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Advanced Sandwich Construction

A master class for the two-fisted gourmand, courtesy of ’ino owner and guru of the form, Jason Denton.

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Illustration by Bella Foster  

Bread: A grainy, crunchy bread adds the most texture, and when toasted, the natural oils in the nuts and grains kind of pop. For thicker rolls, scoop out some of the bread so the filling stays flat.

Condiments: I like pestos for texture and flavor: walnut-and-sun-dried tomato, black olive. Add chiles to mayo, or chopped cornichons to mustard. Shmear both pieces of bread so the flavors run through every bite.

Peppers: Bury spicy stuff in the middle. If it’s on the outside, it’s the first thing your taste buds hit and it’ll overpower the other ingredients.

Tomato: Probably the trickiest ingredient because it’s so wet. Keep it as far away from the bread as possible. Don’t put salt and pepper directly on the tomato, or it’ll get even wetter.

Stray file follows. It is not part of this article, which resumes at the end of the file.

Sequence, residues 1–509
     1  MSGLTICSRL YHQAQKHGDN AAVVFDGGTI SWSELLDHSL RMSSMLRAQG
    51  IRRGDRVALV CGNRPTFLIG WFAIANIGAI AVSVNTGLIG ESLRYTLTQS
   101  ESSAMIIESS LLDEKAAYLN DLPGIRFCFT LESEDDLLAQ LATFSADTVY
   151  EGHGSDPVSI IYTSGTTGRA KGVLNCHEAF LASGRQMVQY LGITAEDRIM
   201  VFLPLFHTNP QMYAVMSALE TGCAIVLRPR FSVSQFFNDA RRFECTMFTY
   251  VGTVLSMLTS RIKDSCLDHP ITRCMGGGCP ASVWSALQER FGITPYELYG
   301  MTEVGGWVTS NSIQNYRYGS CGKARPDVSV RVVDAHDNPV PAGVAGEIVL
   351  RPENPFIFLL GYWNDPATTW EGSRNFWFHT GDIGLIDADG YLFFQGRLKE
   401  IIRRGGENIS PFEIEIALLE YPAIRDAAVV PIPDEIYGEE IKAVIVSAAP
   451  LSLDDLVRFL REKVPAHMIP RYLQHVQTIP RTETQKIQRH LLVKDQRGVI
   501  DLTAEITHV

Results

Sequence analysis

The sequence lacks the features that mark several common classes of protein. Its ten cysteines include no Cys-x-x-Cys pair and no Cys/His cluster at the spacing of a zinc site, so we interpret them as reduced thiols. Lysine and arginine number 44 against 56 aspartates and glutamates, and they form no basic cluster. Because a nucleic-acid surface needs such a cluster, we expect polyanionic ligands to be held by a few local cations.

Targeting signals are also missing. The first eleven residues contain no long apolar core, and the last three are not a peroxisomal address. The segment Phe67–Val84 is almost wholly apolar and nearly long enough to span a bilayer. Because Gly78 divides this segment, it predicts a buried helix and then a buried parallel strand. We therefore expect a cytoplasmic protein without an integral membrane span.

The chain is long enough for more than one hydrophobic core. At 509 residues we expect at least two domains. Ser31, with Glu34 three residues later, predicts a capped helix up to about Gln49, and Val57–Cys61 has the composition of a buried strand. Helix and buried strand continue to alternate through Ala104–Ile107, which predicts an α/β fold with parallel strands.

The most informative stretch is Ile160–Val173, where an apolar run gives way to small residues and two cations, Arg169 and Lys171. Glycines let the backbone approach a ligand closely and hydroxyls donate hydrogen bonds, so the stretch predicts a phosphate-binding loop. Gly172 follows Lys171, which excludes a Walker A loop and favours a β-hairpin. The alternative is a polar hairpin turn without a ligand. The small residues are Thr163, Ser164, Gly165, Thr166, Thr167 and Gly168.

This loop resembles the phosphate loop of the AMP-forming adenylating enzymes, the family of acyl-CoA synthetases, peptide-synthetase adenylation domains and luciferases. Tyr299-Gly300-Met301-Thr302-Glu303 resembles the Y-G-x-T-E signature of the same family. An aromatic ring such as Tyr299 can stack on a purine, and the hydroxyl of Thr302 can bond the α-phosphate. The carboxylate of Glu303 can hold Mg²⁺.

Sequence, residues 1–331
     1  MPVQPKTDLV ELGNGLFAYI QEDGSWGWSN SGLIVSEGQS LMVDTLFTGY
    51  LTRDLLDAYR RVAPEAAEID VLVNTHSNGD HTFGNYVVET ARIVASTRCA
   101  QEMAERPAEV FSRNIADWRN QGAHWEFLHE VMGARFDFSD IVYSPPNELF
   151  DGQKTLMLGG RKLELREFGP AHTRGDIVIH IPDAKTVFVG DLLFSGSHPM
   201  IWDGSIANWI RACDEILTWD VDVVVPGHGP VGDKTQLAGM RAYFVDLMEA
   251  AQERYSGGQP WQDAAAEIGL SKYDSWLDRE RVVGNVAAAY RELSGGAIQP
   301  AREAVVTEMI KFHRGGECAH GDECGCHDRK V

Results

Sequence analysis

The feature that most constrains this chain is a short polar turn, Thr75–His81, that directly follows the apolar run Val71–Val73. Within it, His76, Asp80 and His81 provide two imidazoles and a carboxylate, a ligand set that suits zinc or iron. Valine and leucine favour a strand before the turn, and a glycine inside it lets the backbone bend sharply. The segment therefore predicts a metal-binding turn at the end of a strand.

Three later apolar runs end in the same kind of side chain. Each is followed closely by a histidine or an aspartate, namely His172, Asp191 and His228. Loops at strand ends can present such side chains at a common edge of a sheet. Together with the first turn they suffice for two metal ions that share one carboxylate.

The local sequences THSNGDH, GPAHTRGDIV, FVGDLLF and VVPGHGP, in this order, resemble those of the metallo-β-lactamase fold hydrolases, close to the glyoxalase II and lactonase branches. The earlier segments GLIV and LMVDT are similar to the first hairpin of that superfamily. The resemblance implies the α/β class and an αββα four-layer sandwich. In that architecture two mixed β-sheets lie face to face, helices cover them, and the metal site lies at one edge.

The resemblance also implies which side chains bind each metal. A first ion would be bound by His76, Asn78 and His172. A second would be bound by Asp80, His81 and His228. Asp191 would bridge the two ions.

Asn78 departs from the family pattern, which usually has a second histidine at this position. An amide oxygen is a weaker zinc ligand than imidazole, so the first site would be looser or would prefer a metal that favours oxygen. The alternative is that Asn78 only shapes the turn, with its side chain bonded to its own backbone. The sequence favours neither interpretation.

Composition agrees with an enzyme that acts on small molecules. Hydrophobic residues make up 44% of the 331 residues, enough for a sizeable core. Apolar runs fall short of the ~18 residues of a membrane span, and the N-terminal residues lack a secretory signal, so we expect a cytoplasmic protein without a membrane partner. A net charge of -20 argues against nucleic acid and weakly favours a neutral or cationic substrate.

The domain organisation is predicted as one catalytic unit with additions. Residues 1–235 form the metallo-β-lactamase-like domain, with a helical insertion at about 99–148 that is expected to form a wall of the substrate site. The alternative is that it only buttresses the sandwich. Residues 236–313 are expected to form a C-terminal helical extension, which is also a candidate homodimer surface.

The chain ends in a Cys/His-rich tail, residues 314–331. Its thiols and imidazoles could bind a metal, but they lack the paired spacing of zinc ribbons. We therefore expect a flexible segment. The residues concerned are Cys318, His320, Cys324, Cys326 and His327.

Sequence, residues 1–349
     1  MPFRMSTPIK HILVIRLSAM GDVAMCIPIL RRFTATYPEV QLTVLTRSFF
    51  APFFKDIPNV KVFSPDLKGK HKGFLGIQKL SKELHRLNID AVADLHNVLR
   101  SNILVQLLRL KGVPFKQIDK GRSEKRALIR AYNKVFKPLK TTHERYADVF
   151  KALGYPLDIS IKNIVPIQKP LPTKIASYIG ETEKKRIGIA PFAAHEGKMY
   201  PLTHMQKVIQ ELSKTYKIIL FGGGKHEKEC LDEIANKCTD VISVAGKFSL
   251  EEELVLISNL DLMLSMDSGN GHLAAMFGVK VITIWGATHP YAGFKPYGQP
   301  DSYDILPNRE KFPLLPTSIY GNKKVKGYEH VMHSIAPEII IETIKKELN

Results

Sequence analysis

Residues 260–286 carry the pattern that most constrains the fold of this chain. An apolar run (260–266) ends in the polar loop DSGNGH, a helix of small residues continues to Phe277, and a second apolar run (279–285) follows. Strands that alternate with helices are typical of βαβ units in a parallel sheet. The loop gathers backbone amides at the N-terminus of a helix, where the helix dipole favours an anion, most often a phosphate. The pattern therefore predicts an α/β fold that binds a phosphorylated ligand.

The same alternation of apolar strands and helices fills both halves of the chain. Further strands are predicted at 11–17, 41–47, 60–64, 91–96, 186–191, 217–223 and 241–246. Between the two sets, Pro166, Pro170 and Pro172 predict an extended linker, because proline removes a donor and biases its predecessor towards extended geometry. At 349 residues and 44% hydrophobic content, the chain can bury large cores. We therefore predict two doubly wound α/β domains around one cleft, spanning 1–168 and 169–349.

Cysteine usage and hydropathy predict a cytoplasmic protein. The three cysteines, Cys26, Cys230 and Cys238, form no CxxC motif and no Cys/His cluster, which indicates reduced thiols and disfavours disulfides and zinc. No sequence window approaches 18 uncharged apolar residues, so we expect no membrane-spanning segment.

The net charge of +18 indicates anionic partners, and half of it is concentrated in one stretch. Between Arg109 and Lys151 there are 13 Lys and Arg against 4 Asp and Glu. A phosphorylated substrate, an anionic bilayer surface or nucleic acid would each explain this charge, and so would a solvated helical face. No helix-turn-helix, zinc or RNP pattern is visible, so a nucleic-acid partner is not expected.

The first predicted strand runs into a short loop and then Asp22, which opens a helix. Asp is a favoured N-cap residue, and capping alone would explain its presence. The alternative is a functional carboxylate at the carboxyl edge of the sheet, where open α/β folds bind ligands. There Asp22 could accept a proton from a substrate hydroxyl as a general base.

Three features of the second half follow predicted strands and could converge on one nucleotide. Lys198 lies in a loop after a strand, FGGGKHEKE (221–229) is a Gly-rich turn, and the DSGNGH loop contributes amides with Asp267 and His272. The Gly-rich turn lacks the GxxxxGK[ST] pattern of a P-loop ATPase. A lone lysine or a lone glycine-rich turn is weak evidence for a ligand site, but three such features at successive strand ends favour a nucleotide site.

Butter: A thin layer on each piece of bread keeps it from getting soggy. Mascarpone or cream cheese works, too.

Cheese: Balance equal proportions of cheese and meat, especially when using a subtle cheese like fresh mozzarella, Fontina, or Swiss. Use a little less cheese if it’s a strong one, like Gruyère.

Greens: Whether it’s soft radicchio or crispy lettuce, keep greens toward the center so the sandwich doesn’t slip and fall apart when you try to eat it.

Meat: Everybody loves a stuffed sandwich, but in general less is more. Thin slices, conservatively apportioned, let you taste all the flavors separately, which is what a sandwich is all about.


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